"Now, I know we need to re-organize your quorum presidency. There has been some confusion about who should be leading. I am sorry for that. That is my responsibility and I am working on it. I had hoped to have that taken care of by now, but things haven't worked as well or as quickly as I would have liked. We are close, however, and that might help solve some of the problems. Hopefully, having a quorum presidency in place and actively meeting each week will improve the situation.

"In the mean-time, however, we need to figure out a way to make things work. When you are sitting in your quorum meetings and talking about your upcoming activities, do any of you think about who isn't here? Do any of you step up and volunteer to talk to N---- or C---- or any of the other guys who aren't here and let them know what the plan is? I would hope that if the topic comes up that each of you would be willing to raise your hand and say "Here am I. Send Me."

"Each of you bears the Priesthood of God. Each of you has it within yourselves to be a leader. Robert Baden-Powell once said that "a Scout is active in DOING GOOD, not passive in BEING GOOD." The scriptures say essentially the same thing: "For behold, it is not meet that I should command in all things; for he that is compelled in all things, the same is a slothful and not a wise servant; wherefore he receiveth no reward. Verily I say, men should be anxiously engaged in a good cause, and do many things of their own free will, and bring to pass much righteousness; (D&C 58:26-27)"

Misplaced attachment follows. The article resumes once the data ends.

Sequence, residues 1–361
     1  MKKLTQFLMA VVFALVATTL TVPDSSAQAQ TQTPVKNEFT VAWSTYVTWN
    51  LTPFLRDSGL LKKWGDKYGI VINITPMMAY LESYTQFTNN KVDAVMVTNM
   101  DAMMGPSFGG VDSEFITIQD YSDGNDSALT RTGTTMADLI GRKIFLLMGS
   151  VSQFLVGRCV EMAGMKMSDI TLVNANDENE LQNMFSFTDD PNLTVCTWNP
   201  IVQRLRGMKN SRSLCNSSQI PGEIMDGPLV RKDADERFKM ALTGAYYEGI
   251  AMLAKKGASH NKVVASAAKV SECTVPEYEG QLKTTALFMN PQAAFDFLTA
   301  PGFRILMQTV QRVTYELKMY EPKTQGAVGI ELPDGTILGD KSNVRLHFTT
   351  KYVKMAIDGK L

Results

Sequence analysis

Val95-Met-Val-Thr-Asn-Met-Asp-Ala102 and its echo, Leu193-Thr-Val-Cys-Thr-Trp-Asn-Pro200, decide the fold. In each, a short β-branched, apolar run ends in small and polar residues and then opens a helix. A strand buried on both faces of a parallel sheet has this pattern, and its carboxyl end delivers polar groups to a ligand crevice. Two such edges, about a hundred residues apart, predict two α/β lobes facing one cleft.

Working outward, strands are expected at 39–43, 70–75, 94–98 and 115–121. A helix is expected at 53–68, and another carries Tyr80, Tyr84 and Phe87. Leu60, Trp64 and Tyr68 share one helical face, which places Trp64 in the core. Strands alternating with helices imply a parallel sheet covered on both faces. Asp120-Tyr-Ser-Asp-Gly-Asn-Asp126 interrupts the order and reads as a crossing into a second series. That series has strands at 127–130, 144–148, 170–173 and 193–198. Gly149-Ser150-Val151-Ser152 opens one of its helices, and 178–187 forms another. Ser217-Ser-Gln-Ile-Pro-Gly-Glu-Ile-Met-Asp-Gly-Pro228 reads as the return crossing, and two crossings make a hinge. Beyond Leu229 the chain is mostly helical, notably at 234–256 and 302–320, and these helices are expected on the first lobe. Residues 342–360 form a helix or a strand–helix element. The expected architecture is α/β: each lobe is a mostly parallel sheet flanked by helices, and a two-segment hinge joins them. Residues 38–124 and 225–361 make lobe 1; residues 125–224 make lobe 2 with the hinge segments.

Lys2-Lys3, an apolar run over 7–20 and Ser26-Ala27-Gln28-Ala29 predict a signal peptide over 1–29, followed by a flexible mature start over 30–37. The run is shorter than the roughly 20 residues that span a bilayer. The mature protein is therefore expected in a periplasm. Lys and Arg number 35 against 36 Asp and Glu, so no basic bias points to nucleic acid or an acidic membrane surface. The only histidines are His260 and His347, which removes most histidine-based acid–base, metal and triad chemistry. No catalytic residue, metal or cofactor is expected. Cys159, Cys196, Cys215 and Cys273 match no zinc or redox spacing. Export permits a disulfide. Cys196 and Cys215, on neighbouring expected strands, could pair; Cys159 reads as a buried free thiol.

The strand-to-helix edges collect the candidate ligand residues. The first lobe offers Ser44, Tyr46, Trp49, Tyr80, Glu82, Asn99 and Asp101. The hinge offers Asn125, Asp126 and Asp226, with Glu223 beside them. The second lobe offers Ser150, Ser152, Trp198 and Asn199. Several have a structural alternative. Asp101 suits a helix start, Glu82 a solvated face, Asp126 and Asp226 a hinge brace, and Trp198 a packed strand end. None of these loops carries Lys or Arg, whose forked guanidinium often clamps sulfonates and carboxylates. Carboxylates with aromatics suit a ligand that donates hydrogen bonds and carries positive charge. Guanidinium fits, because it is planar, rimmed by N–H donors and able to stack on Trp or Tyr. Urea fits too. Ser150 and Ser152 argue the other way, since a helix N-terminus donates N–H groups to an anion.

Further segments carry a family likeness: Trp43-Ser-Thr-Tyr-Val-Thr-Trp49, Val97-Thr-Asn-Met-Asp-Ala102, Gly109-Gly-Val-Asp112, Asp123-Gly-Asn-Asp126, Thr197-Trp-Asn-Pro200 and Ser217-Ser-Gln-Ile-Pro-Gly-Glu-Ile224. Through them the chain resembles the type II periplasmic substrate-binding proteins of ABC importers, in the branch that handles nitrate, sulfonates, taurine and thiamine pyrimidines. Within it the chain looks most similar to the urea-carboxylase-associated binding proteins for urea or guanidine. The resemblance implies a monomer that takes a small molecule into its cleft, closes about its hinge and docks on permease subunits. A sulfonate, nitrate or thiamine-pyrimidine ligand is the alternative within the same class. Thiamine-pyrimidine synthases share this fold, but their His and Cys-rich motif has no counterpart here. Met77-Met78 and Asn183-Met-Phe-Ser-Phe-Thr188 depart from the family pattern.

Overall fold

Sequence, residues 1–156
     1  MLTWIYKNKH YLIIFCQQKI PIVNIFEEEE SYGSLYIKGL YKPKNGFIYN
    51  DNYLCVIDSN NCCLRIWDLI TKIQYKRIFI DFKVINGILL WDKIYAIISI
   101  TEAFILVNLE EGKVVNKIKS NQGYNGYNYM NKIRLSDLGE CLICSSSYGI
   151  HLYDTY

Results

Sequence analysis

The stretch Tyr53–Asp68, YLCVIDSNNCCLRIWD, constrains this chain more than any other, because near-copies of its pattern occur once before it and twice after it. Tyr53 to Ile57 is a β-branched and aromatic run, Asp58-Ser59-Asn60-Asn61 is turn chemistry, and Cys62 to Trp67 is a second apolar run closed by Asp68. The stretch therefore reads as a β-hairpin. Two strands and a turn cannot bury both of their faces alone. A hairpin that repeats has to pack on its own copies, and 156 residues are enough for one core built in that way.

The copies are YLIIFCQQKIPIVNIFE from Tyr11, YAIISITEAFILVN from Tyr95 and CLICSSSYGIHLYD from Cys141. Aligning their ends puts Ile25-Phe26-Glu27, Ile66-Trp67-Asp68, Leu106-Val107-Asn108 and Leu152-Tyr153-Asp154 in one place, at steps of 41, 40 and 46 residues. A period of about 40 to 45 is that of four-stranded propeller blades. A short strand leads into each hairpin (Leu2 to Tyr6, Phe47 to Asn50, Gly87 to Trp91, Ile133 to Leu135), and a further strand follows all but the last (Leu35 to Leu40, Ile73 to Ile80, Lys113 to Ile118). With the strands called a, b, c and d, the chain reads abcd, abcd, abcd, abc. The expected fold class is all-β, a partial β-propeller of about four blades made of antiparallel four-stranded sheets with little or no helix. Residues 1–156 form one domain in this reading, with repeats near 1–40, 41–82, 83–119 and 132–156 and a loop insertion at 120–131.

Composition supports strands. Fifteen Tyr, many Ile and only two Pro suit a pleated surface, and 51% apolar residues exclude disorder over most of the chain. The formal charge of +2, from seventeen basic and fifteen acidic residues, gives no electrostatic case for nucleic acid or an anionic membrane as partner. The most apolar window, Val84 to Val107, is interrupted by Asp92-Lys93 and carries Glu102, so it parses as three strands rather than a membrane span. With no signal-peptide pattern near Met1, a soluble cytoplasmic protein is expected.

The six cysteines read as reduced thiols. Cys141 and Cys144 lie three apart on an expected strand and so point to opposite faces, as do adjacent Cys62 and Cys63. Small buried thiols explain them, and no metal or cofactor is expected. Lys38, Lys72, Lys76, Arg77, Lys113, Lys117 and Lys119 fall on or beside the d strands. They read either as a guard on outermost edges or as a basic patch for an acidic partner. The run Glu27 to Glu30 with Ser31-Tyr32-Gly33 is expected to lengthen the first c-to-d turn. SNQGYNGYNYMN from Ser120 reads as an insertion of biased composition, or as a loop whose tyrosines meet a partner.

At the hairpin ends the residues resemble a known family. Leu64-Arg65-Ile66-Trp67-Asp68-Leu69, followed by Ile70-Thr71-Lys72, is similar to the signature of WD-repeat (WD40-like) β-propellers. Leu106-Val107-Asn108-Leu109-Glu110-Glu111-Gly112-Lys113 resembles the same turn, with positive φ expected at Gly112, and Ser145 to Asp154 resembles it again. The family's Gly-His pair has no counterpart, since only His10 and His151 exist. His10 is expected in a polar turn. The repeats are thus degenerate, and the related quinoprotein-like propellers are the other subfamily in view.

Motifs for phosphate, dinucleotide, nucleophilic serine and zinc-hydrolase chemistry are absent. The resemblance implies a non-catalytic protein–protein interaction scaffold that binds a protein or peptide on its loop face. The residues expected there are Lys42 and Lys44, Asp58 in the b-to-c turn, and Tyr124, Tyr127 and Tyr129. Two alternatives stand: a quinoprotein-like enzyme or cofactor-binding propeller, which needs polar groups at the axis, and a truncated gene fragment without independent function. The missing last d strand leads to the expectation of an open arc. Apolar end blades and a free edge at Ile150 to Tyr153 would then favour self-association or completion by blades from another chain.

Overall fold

"As Scouts, and especially as Priesthood holders, you need to be active in doing good.

"Of course, if we had strong quorum leadership we could assign somebody to talk to N---- and C---- and make sure they know what's going on. But I don't think that's the best option.

"I hope you realize that N---- is at a crossroads. I also think it's important to realize that you're close to losing him. Now, maybe you don't really care that much about him. Does it make a difference that he isn't a member of the church? Does that make him less important? Or just easier to forget?

"Our goal here isn't just to make sure he knows what the plan is for Scouts each week. Our goal is to have a positive influence on his life. As bearers of the Priesthood, that is your duty. But you need to remember what the scriptures say: "No power or influence can or ought to be maintained by virtue of the priesthood, only by persuasion, by long-suffering, by gentleness and meekness, and by love unfeigned; (D&C 121:41). Now what do you think "love unfeigned" means? Unfeigned means not faked. If you want to have an influence on anyone, you have to love them, and you have to be genuine. It can't be assigned and it can't be faked. It has to be real.

"I think I've lectured enough. I don't mean to get after you and tell you you're a bunch of bums, because you're not. It's just that I can't stop thinking about how disappointed N---- looked on Wednesday night. I can't stop thinking about how frustrated he was that nobody had talked to him and let him know what was going on. I think he is reaching out for help. I think he desperately wants your friendship. Each of you has an opportunity right now to make an influence for good in that boy's life. He may never join the church, but I guarantee the interactions he has with you will change his life. I just hope you'll decide to change it in the right direction."

Thursday, September 5, 2013

Challenges of leadership

I just got back from Wood Badge. This was my third time on staff. I'll post more about this experience later, I'm sure. Part of the effect of Wood Badge is that it gets me thinking.